Headwaters: the Adventures, Obsession and Evolution of a Fly Fisherman

By Dylan Tomine

Dylan Tomine takes us to the far reaches of the planet-- Christmas Island , the Russian Arctic. Argentine Patagonia, Japan, Cuba, British Columbia-- in search of fish and adventure, with keen insight, a strong stomach and plenty of laughs along the way. Closer to home, he wades deeper into his beloved steelhead rivers of the Pacific Northwest and the politics of saving them. Tomine celebrates the joy―and pain―of exploration, fatherhood and the comforts of home waters from a vantage point well off the beaten path. Headwaters traces the evolution of a lifelong angler’s priorities from fishing to the survival of the fish themselves. It is a book of remarkable obsession, environmental awareness shaped by experience, and hope for the future. 6x9 inches, 256 pgs.


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“What is fly fishing? Everything.” Anglers will find Tomine’s book a spirited defense of that thesis. -- Kirkus Reviews

Tomine delivers a work that informs and moves in equal measure. This is sure to reel in readers. --Publishers Weekly

Fisherman Tomine (Closer to the Ground) combines incandescent personal reflections and environmental advocacy in this moving paean to fly fishing. “Fishing was never a sport... for me,” Tomine writes at the outset, rather, it’s “who I am.” What follows is a vivid portrait of a man in pursuit of a lifelong obsession. As he relates, his “steelhead jones” had its hooks in him early, during his childhood fishing for trout in Oregon in the 1970s and, later, as a teen “too busy trying to catch my first steelhead” to notice girls. Arriving at adulthood, he recounts such adventures as catching a 90-pound giant trevally bonefish, and embarking on an expedition to the Russian Arctic—where the abundance of trout was rivaled only by the region’s mosquitos. Later chapters witness his evolution from acolyte to conservationist; in one section, he memorably recalls screening the conservationist documentary Artifishal to a sold-out crowd in Japan, where the “culture [is] built around the eating of fish.” Mixing good-natured humor with a reverence of the world around him—“It starts with the fish itself. The sleek, chrome beauty... carrying all the strength and fecundity of the sea to inland waters”—Tomine delivers a work that informs and moves in equal measure. This is sure to reel in readers. (Apr.)-- Publishers Weekly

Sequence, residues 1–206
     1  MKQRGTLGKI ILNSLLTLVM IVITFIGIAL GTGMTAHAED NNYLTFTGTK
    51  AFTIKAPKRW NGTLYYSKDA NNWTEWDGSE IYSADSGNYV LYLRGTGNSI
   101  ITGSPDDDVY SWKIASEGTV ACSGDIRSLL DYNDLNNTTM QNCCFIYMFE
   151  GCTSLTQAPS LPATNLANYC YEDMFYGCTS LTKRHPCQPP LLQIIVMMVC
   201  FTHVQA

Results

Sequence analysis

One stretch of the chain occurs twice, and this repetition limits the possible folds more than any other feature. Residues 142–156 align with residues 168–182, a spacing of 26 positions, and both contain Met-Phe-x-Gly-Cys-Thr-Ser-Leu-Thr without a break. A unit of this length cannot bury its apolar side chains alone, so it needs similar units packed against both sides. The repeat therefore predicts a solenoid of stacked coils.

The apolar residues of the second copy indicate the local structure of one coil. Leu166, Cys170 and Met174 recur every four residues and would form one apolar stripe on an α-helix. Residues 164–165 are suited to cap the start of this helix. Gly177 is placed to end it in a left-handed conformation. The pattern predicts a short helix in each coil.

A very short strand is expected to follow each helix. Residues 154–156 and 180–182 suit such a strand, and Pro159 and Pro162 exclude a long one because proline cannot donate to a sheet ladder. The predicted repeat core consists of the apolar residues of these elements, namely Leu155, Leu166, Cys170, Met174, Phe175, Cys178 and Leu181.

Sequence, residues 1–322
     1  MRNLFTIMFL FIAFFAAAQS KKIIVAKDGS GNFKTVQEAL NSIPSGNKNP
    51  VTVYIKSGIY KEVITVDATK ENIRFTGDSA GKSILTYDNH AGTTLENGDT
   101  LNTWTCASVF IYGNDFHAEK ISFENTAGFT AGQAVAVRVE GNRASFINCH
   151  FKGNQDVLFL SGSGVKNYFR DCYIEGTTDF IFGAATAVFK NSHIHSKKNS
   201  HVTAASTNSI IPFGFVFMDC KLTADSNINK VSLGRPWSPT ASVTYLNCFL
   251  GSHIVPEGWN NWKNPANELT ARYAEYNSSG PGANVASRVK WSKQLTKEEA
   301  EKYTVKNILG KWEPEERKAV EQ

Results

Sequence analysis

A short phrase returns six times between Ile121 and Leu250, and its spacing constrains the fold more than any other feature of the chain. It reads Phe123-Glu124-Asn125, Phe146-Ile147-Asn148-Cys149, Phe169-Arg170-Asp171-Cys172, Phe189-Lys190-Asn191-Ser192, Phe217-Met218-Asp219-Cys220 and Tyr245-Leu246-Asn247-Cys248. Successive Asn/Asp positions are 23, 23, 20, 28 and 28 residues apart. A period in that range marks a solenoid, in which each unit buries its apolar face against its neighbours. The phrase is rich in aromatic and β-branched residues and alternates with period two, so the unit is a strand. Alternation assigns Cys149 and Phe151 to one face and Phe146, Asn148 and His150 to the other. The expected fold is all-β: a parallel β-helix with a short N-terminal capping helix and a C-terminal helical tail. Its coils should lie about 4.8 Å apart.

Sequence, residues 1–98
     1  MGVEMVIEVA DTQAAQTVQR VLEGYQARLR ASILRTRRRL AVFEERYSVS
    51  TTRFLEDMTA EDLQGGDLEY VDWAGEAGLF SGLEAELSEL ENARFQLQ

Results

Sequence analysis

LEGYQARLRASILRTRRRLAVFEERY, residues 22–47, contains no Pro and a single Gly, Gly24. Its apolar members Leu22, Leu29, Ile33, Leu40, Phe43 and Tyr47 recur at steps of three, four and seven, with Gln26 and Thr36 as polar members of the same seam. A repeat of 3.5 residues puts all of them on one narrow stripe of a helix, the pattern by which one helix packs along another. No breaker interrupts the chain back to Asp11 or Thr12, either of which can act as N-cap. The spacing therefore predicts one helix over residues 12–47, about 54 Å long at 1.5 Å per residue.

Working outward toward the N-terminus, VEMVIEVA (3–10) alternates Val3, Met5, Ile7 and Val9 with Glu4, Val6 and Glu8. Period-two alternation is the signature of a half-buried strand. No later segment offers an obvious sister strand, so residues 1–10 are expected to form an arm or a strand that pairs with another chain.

. . . a sparkling, elegiac book. -- The Wall Street Journal

A die-hard fly fisherman reflects on the glories of angling and his role in diminishing the natural world.

“Fishing was never a sport, a pastime or hobby for me. It was, and continues to be, who I am.” So writes Tomine, who has been fishing the Skykomish and other northwestern rivers since he was a kid. He was so obsessed that on Sundays, his single mother, a graduate student, would take him to the river and, as he cast his lines, do her homework while waiting in a parking area nearby. In this collection of his writings in sports and fishing journals, Tomine recounts some of his excellent adventures. In one shaggy dog story, he recalls being in a van in Russia in which was hidden a block of Swedish cheese so stinky that it ignited a pitched battle over which of the fishing adventurers had farted. In a less unpleasantly odorous tale, the author praises an Argentine barbecue during which his plate held “a significant fraction—like one fourth to one half—of an entire animal.” Tomine’s principal goal is to bag steelhead trout, of which he writes with affection and intelligence. His principal opponent throughout is a bureaucratic system that stocks the rivers of the Pacific Northwest with hatchery-bred trout, which crowd out wild fish even with the removal of dams on those streams. “If the point of dam removal is wild salmon recovery,” he asks, “why would we spend millions of dollars on something that works counter to the point?” Tomine ponders how climate change is affecting fish populations, wild and hatchery-grown, and his own role as a world traveler in putting down a heavy carbon footprint on the land. Mostly, however, the pieces are easily digested celebrations of the easy freedom of being on a river, rod and reel in hand.

“What is fly fishing? Everything.” Anglers will find Tomine’s book a spirited defense of that thesis. -- Kirkus Reviews


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